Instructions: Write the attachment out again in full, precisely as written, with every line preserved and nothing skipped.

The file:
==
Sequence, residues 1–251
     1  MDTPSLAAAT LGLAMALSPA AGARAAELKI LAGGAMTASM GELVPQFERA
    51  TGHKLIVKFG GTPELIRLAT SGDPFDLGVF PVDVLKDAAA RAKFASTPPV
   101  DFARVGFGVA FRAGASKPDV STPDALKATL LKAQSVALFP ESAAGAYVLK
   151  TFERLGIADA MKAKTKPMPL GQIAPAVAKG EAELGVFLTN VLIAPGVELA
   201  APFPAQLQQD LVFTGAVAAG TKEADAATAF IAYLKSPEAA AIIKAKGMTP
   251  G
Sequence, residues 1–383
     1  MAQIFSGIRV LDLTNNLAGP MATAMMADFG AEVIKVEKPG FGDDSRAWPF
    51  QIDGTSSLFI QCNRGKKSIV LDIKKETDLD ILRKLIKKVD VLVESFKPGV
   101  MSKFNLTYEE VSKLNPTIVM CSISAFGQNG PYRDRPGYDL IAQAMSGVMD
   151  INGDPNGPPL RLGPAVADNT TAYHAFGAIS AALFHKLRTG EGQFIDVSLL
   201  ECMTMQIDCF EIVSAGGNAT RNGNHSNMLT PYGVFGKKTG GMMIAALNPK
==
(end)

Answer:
Sequence, residues 1–251
     1  MDTPSLAAAT LGLAMALSPA AGARAAELKI LAGGAMTASM GELVPQFERA
    51  TGHKLIVKFG GTPELIRLAT SGDPFDLGVF PVDVLKDAAA RAKFASTPPV
   101  DFARVGFGVA FRAGASKPDV STPDALKATL LKAQSVALFP ESAAGAYVLK
   151  TFERLGIADA MKAKTKPMPL GQIAPAVAKG EAELGVFLTN VLIAPGVELA
   201  APFPAQLQQD LVFTGAVAAG TKEADAATAF IAYLKSPEAA AIIKAKGMTP
   251  G
Sequence, residues 1–383
     1  MAQIFSGIRV LDLTNNLAGP MATAMMADFG AEVIKVEKPG FGDDSRAWPF
    51  QIDGTSSLFI QCNRGKKSIV LDIKKETDLD ILRKLIKKVD VLVESFKPGV
   101  MSKFNLTYEE VSKLNPTIVM CSISAFGQNG PYRDRPGYDL IAQAMSGVMD
   151  INGDPNGPPL RLGPAVADNT TAYHAFGAIS AALFHKLRTG EGQFIDVSLL
   201  ECMTMQIDCF EIVSAGGNAT RNGNHSNMLT PYGVFGKKTG GMMIAALNPK